• Implementation of mitigation and conservation measures;
• Adequate funding to implement the plan;
• Terms for suspension or revocation of the take permit.
Wouldn’t it be nice to know these things about BDCP?
Over two years ago, in the fall of 2012, former Resources Deputy Secretary Jerry Meral acknowledged that an Implementing Agreement for BDCP was overdue. Because the contractors haven’t yet made firm commitments about funding and implementation, many important matters that have been described only generally in the BDCP and EIR/EIS are supposed to be made specific in the Implementing Agreement.
BDCP now says that this Implementing Agreement will be made available 60 days prior to the final draft, which will not be completed until AFTER the end of this public comment period. So all the public comments being made on the Draft BDCP and the EIR/EIS are for a plan for which there is no financing commitment.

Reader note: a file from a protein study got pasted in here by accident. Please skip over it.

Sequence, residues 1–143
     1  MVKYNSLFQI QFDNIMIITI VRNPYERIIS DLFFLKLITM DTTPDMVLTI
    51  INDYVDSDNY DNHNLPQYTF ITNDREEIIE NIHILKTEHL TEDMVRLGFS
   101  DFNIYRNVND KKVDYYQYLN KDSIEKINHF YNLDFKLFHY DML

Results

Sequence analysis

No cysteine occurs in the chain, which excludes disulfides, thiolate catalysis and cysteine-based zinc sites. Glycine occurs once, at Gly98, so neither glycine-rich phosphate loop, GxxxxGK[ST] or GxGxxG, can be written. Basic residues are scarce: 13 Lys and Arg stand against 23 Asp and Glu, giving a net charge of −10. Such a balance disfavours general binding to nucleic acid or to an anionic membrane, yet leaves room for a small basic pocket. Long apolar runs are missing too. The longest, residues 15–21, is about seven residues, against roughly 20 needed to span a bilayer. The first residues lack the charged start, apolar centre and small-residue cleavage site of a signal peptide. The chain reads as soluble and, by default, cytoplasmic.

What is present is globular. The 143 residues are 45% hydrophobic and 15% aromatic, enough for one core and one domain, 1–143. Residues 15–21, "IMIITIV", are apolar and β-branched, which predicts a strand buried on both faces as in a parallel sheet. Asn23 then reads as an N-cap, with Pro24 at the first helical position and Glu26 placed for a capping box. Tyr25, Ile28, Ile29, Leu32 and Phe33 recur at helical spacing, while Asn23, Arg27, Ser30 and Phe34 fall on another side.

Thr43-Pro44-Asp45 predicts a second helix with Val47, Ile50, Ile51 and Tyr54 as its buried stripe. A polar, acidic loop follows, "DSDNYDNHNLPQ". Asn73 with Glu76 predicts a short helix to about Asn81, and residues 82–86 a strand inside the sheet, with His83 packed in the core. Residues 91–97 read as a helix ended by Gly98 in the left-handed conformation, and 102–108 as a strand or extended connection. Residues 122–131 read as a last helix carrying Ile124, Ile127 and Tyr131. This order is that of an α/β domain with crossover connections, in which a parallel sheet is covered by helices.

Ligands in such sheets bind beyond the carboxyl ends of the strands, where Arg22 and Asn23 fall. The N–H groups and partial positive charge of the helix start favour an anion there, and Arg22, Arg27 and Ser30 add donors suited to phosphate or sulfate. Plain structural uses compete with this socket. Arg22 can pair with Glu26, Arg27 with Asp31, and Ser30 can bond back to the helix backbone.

In BDCP Chapter 8, for example, we don’t have critical information about
• The respective financial obligation of urban and agricultural contractors to pay for the tunnels;
• The ability and willingness of agricultural contractors, who use the majority of the water, to pay.
The public needs this information, because if the permittees default on paying for the tunnels, California taxpayers may end up responsible for the costs.